It's the Environment, Stupid.

Saturday, January 21, 2006

Sustainable Development - What's in a defnition?

Welcome to the second edition of Sustainable Saturdays.
This week: what’s in a definition?

“Sustainable development is development that meets the needs of the present without compromising the ability of future generations to meet their own needs.” This widely cited definition for sustainable development comes from the Report of the World Commission on Environment and Development, commonly referred to as the Brundtland Report (after the commission’s chair Gro Harlem Brundtland.)

At times I wonder if people who spout off this definition have even read the report. It isn’t just a report with a couple of suggestions about natural resource conservation, it’s a full blown document that draws links, and makes connections between ALL development activities.

Here’s a more specific definition from the report that might aid the ambiguity of the first:
“[T]he pursuit of sustainable development requires:
· A political system that secures effective citizen participation in decision making
· An economic system that is able to generate surpluses and technical knowledge on a self-reliant and sustained basis
· A social system that provides for solutions for the tensions arising from disharmonious development
· A production system that respects the obligation to preserve the ecological base for development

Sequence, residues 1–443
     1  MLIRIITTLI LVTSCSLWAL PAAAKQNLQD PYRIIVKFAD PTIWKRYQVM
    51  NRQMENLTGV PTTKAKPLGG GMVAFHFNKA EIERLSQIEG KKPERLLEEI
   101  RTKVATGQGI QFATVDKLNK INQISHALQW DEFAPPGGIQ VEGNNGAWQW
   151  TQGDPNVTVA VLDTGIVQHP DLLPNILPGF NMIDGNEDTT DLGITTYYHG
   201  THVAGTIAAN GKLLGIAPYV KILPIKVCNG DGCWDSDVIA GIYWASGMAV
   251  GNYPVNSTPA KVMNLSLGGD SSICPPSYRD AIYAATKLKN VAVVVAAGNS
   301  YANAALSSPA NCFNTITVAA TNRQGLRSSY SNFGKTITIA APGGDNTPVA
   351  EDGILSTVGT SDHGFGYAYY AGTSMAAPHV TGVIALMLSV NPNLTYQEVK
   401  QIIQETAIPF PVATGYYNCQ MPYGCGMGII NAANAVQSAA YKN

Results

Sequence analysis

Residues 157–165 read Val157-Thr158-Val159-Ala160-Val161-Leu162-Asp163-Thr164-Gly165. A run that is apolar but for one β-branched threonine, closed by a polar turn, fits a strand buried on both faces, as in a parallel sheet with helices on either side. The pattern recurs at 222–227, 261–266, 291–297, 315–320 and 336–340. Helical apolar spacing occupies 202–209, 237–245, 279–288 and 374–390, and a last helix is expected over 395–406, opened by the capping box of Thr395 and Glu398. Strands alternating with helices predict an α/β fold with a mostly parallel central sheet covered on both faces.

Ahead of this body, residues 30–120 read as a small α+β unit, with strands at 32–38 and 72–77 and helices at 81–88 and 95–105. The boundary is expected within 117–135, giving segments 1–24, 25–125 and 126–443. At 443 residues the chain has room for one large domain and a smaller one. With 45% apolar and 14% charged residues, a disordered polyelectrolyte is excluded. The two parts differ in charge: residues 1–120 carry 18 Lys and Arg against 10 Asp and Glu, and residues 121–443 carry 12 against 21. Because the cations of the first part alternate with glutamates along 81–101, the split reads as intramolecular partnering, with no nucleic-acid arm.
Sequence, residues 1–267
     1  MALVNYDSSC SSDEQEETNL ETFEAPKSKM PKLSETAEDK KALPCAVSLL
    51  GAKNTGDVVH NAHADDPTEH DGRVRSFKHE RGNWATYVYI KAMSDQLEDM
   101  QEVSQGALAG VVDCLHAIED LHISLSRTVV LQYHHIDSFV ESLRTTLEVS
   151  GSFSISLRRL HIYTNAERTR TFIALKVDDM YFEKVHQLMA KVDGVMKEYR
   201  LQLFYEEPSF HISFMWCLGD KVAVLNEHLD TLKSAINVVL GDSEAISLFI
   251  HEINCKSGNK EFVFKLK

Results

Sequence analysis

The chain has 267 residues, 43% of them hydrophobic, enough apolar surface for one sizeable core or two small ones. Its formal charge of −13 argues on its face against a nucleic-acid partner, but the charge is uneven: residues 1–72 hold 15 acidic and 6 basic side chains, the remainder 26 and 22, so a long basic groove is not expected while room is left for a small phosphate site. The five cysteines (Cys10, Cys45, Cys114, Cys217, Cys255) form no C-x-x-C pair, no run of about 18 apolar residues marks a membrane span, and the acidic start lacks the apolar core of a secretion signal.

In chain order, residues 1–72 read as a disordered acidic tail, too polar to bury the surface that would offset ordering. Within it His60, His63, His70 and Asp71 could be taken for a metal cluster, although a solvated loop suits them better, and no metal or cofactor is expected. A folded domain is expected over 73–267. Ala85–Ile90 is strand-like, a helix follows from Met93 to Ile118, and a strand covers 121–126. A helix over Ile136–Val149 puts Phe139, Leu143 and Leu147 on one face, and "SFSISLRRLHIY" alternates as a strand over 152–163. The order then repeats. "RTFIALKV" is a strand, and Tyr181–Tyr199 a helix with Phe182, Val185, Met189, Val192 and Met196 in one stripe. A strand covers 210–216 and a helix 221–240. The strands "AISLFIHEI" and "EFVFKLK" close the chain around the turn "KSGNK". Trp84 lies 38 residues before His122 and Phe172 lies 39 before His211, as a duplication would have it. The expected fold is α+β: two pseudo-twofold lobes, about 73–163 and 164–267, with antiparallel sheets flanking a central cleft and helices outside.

· A technological system that can search continuously for new solutions
· An international system that fosters sustainable patterns of trade and finance
· An administrative system that is flexible and has the capacity for self correction"
(p.74 Report of the World Commission on Environment and Development. “Our Common Future” 4 August 1987. United Naitons. A/42/427)

A little less vague, and although a little long for a soundbite, it gets more to the interconnectedness within term (at least the interconnectedness I believe lies within the term.)

Sustainable development wasn’t born in 1987 as many people tend to believe. In an internationally recognized context, I’ve pegged it as beginning in the early 1970’s when the world was concerned about being able to sustain its burgeoning population on increasingly declining natural resources. Check out this excerpt from the Stockholm Declaration of 1972: